Sources:

http://outthinkgroup.com/the-10-awful-truths-about-book-publishing/

http://www.authorspublish.com/10-common-misconceptions-about-the-publishing-world/

http://www.forbes.com/sites/cherylsnappconner/2015/10/18/amazon-sues-1114-fake-reviewers-on-fiverr-com/

https://www.google.com/webhp?sourceid=chrome-instant&ion=1&espv=2&ie=UTF-8#q=books+published+per+year

http://mashable.com/2013/01/16/e-books-vs-print/

Updates

Original post here

“As Summer is upon us, there are so many new and continuing projects. Here are some of my latest:

  • GenZ has a number of new titles coming out. Dry World by Dylan Brock was released this past week, and A Confession by William F. Aicher will release July 8. Later this summer, we will be releasing some sci-fi, YA, and poetry books. See all the GenZ books at GenZ’s website.
  •  A new GenZ Podcast episode will be released later this week with exclusive information on all our upcoming releases and an interview with the creators of the adult coloring book, ‘Zoo University.’
  • I feature different eco-friendly small businesses from the Coastal NJ area on my websiteCoastalNJSmallBusiness.com on a weekly basis. Check out some of the latest features, including Holly Jolly Jams and Woof Gang Bakery here. There are many more features coming soon!
  • I am now an ‘expert’ on SheSource, so journalists and companies/organizations looking for speakers, scheduling is now easier than ever!
  • I have been doing book festivals and readings every weekend. My favorite so far this summer was the BTeen Festival at Barnes & Noble.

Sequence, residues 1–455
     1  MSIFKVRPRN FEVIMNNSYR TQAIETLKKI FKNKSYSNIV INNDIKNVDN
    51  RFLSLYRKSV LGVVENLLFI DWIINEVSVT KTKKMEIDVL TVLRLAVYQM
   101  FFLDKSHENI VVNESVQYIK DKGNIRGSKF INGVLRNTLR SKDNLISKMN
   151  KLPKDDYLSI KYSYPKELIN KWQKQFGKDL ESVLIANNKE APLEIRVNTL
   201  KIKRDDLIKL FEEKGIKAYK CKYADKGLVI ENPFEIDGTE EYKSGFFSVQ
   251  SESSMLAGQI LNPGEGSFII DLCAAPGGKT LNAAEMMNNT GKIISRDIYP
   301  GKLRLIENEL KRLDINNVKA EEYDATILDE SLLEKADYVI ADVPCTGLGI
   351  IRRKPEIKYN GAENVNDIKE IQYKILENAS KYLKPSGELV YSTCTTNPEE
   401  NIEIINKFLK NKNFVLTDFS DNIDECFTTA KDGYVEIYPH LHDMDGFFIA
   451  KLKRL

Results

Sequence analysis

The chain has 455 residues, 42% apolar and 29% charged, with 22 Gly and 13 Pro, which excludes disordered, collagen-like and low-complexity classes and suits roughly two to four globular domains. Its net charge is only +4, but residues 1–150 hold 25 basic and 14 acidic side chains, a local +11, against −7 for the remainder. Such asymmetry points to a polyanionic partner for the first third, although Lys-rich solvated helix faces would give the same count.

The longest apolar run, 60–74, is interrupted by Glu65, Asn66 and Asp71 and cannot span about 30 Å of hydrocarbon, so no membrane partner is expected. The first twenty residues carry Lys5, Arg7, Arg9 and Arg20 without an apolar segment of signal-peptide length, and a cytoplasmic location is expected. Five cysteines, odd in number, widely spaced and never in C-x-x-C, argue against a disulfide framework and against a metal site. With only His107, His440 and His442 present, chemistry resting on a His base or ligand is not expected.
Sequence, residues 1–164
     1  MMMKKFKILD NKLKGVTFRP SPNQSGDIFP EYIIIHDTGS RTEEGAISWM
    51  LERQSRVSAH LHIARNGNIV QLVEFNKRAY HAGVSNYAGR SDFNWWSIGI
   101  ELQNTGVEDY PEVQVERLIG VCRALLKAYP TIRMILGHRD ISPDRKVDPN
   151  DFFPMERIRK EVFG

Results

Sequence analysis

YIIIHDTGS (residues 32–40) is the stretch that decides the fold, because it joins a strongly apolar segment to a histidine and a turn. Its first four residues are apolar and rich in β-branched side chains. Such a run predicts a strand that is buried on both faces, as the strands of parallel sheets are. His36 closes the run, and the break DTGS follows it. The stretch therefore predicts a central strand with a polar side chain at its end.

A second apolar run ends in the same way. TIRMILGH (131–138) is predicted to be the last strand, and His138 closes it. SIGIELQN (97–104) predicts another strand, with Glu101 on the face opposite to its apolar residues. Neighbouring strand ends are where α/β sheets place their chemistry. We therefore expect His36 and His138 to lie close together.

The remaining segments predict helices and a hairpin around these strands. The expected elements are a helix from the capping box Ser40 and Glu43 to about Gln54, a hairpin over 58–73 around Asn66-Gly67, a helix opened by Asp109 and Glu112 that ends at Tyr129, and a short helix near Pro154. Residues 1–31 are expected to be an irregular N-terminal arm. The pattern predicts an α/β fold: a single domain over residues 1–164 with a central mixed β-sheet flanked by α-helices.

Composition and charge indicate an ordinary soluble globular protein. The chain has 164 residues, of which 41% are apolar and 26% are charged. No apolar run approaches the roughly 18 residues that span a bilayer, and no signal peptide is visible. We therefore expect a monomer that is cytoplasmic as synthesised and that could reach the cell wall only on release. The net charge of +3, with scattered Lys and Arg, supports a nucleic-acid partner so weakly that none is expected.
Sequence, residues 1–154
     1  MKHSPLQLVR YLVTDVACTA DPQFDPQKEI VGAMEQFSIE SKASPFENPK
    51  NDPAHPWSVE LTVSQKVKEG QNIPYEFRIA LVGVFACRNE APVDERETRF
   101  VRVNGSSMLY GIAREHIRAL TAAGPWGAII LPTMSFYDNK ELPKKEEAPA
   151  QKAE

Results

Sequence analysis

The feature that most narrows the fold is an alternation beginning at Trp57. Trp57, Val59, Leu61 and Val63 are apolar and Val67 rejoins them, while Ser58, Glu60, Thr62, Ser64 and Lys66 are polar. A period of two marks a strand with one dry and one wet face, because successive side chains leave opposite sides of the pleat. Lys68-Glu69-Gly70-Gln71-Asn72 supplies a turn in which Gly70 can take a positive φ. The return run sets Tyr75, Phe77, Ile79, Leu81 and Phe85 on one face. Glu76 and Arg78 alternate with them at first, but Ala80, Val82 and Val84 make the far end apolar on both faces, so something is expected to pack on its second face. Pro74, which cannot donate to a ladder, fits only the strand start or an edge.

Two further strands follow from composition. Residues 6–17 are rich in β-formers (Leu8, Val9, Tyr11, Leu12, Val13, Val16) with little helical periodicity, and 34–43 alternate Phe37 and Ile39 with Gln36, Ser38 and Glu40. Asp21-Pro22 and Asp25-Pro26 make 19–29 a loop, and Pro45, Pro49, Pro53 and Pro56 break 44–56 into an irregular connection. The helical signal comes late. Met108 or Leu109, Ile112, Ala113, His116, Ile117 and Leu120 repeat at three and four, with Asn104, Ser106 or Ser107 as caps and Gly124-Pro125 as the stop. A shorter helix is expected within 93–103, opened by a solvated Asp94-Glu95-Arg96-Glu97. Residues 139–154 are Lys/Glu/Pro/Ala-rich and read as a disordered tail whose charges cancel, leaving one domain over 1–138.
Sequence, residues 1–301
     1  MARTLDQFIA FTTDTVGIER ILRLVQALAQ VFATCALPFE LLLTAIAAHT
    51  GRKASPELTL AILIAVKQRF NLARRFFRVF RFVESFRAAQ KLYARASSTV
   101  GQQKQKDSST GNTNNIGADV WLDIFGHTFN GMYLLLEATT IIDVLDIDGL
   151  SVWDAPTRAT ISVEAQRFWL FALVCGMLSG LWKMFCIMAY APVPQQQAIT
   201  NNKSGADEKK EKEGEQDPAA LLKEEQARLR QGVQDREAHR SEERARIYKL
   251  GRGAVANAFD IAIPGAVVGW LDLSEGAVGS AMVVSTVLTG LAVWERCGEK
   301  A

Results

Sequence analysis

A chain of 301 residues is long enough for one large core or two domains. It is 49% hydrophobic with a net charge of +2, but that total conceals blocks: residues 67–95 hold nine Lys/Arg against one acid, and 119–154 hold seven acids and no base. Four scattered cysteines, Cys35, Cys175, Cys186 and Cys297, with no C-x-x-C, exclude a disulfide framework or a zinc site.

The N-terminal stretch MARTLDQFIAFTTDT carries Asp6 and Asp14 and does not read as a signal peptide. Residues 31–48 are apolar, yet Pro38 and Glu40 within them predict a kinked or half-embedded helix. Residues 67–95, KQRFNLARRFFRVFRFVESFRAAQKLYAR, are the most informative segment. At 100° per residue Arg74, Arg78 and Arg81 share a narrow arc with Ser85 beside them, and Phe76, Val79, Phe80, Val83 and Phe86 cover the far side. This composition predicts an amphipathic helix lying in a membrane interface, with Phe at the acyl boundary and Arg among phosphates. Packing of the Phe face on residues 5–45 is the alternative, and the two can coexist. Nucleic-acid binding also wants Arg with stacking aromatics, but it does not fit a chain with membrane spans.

• My blog of facts, quotes, and fun, My Neon Green Notebook, is constantly being updated with fun new content, as is my Instagram, where I am having fun learning guitar and sharing the results of that.
  • My collaborative single with professional pianist Ian Green, ‘The Sweetest Sound,’ will be released soon, so stay tuned!

Have a great summer, and keep in touch! Tell me about your summer projects. I am always looking for new opportunities and collaborations.”

A Booked Weekend

It all started Saturday Morning with an Indie author panel at the Museum for Early Trades followed by partaking in the Madison Storyteller’s Festival in the afternoon. That night was the June Bug Festival in Metuchen, NJ. The very busy weekend was concluded on Sunday with a reading and workshop at Barnes & Noble.

6/11; 10:00 AM, Indie Author Panel

6/11; Afternoon, Madison Storyteller Festival

6/11; Evening; June Bug Festival

6/12; Afternoon; Barnes & Noble Reading & Workshop

 

 

 

B-Fest Teen Book Festival

“Join us June 10 through 12 at Barnes & Noble stores nationwide for B-Fest, our first Teen Book Festival. On Sunday, June 12 teen author Morissa Schwartz will be discussing and signing her book Writing for the Next Generation and afterward will be participating in our story development workshop at 2:00 PM.”

See original post here.

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Barnes & Noble Signing

The Gig Economy

Check out the new eBook here

This is your guide to the gig economy: what it is, how it is revolutionizing work, what its future looks like, and what this can mean for you and your personal financial success.

The gig economy encompasses individuals performing freelancing ‘gigs,’ normally from the comfort of their own homes. Freelancer, Fiverr, and Upwork are among the most popular places for freelancers to find work; although, there are new freelancing opportunities every day. These types of gigs are giving people the freedom to work for themselves at any time and place that they please, as opposed to the traditional 9-5 model of office work. How will the gig economy affect the future of employment and entrepreneurship?